Every high school prom is the same: fancy dresses, prom kings and queens, and, of course, drama. For Rose White, things are a little different when she arrives to the prom and becomes the “fairest” of all.
The greatest secret she’s hiding? Rose is transgendered, but still manages to be the prettiest at the prom. Gretchen Black decides she can’t handle someone else being prettier and more popular than her. She knows that things have to change so she doesn’t lose her boyfriend, Badger Biers, and even more important, her popularity. Take a wild ride with Mirror Mirror, a modern day Snow White and see just how these characters overcome the crazy prom weekend.
Mirror Mirror takes the classic story of Snow White and puts it into the 21st century. It touches upon many relevant issues within today’s society, bringing attention to one of the most important topics: the transgender community. The target audience is for adults and teens, making this a great show for college theaters, professional theaters, or fringe shows. The show was first performed at the Yale School of Drama on November 11, 2005.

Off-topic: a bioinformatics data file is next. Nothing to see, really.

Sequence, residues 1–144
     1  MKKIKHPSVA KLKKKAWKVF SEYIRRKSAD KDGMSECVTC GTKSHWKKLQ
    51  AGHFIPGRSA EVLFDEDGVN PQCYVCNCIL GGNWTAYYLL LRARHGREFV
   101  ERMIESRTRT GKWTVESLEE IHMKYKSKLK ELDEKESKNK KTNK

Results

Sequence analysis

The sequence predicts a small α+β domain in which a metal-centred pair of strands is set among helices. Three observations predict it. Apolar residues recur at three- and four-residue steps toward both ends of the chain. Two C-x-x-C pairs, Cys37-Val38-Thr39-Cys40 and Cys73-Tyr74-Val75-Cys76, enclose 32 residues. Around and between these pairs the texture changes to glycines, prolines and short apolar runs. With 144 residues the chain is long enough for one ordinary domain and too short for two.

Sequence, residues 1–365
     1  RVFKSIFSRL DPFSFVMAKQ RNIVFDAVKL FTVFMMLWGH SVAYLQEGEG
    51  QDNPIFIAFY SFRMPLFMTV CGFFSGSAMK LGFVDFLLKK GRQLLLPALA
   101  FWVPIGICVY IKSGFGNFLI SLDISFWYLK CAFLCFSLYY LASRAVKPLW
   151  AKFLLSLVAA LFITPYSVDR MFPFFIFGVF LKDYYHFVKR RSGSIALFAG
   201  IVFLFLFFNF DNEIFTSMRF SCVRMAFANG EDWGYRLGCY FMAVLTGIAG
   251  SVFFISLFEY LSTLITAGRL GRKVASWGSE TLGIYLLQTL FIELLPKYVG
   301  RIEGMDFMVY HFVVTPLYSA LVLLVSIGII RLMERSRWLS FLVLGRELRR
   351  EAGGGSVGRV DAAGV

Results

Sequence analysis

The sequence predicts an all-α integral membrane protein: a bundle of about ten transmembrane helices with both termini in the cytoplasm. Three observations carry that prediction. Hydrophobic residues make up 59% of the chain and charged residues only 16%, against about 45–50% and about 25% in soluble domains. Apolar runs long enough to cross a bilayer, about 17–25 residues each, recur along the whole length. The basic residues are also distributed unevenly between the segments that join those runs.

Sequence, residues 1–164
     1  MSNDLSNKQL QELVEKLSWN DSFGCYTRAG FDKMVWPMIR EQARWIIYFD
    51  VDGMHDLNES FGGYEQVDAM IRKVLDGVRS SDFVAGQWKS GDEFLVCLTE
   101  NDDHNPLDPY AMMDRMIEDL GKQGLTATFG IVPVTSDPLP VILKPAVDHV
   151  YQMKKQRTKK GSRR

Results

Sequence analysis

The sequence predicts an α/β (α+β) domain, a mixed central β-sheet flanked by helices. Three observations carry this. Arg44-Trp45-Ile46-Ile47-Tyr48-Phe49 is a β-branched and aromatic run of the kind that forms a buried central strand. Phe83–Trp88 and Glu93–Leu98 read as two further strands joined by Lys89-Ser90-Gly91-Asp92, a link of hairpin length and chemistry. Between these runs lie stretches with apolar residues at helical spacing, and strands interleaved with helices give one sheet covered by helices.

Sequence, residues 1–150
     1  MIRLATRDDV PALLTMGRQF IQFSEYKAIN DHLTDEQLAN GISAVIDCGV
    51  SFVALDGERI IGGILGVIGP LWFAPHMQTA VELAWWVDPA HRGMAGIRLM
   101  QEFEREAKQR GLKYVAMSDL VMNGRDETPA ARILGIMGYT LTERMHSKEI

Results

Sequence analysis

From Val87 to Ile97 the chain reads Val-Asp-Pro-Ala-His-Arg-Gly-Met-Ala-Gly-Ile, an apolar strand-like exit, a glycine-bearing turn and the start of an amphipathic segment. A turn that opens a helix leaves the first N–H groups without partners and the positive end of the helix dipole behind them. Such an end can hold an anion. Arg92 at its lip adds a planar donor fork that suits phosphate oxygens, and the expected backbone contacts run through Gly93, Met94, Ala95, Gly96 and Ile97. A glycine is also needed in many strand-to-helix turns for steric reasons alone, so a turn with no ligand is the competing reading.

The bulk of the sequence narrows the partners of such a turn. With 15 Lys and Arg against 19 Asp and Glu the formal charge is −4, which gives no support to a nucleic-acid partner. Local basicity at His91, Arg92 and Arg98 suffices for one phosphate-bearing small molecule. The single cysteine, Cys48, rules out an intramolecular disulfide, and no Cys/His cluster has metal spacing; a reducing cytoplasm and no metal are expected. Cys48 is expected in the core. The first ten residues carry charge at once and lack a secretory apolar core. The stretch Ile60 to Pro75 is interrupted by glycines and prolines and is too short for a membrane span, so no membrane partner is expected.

This full length, 90 minute, play was written by Sarah Treem. Treem has written other plays such as, A Feminine Ending, The How and the Why, and many more. She is a producer and writer for many television shows such as In Treatment, House of Cards, and The Affair. Check out Breaking Character Magazine’s feature on her here.
Treem is known for her prominent female characters within her work, and Mirror Mirror this show has a great mix of casting. The cast size is about eleven: six male, five female. The main roles within the show are Gretchen Black, the most popular girl in school, Badger Biers, Gretchen’s boyfriend, and Rose White, the new girl. The challenge for the actors is that Rose White is to be played by a boy, bringing the transgender theme to life.
Mirror Mirror brings up issues that most plays don’t explore; giving the LGBTQ community a sense of belonging within the theater community. Treem develops these ideas and themes within her play, giving a great representation for the transgender community.